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A reading group taught jointly at, and by faculty from, at Berkeley, BU, Columbia, Harvard (HLS and SEAS). Fall 2018; Thursdays, 3-5pm Eastern; Berkman Klein Center for Internet and Society Conference Room. Human-designed algorithms — from the digital to the genetic — reach ever more deeply into our lives, creating alternate and sometimes enhanced manifestations of social and biological processes. In doing so, algorithms yield powerful levers for good and ill amidst a sea of unforeseen consequences. This cross-cutting and interdisciplinary course investigates several aspects of algorithms and their impact on society and law. Specifically, the course connects concepts of proof, verifiability, privacy, security, and trust in computer science with legal concepts of autonomy, consent, governance, and liability, and examines interests at the evolving intersection of DNA technology and the law. This seminar consists of weekly meetings through the Fall 2018 semester, to be attended simultaneously by faculty, students and scholars based at Harvard, Berkeley, Columbia and Boston University thanks to the IT support of the Berkman Klein Center for Internet & Society at Harvard University. Sessions will be held every Thursday at 3-5pm EST.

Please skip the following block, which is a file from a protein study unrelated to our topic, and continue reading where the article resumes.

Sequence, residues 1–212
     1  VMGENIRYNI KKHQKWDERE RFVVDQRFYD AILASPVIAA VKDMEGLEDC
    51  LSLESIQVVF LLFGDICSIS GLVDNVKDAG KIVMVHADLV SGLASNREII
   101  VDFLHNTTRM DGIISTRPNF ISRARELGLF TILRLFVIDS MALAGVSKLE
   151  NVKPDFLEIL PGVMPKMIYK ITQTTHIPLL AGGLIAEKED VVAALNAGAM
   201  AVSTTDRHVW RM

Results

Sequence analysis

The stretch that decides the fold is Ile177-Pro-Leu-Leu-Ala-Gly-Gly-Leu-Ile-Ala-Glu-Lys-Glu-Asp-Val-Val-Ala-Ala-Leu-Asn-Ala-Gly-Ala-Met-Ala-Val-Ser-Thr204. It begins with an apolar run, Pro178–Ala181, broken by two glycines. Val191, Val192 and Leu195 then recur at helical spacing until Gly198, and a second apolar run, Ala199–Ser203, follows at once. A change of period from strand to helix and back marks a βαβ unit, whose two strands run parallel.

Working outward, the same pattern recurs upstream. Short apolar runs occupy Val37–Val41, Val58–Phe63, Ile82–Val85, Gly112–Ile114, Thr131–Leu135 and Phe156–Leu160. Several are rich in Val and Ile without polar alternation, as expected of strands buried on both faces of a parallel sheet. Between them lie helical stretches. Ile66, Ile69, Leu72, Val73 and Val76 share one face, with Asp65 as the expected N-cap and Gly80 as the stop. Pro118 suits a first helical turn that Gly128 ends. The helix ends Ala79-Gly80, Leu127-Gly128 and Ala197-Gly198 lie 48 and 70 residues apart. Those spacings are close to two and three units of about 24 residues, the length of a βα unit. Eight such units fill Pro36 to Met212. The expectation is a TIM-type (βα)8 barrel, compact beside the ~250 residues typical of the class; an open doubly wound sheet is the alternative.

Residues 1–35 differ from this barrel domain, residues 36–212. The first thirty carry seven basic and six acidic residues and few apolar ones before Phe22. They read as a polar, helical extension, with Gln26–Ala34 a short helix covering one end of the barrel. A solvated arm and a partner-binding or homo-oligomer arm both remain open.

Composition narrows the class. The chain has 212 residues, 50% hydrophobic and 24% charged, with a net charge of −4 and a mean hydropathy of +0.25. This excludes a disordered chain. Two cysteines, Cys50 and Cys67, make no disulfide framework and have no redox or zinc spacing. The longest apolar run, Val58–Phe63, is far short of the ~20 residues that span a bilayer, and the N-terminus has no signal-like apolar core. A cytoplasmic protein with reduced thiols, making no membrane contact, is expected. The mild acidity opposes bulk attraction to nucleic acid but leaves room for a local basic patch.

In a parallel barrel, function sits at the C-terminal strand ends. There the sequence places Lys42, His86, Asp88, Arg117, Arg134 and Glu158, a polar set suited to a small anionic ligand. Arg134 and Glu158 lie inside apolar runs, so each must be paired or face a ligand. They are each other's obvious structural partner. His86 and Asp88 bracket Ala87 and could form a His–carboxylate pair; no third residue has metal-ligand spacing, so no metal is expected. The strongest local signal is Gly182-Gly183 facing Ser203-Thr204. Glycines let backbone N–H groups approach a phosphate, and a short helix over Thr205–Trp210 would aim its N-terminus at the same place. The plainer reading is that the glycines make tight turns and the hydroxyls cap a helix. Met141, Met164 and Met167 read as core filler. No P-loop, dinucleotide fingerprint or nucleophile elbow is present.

Interested HLS students should contact Rachel Keeler (rkeeler@law.harvard.edu) for more information, and/or come to the first session, Thursday, Sept. 6th, 3pm, BKCIS Conference Room.”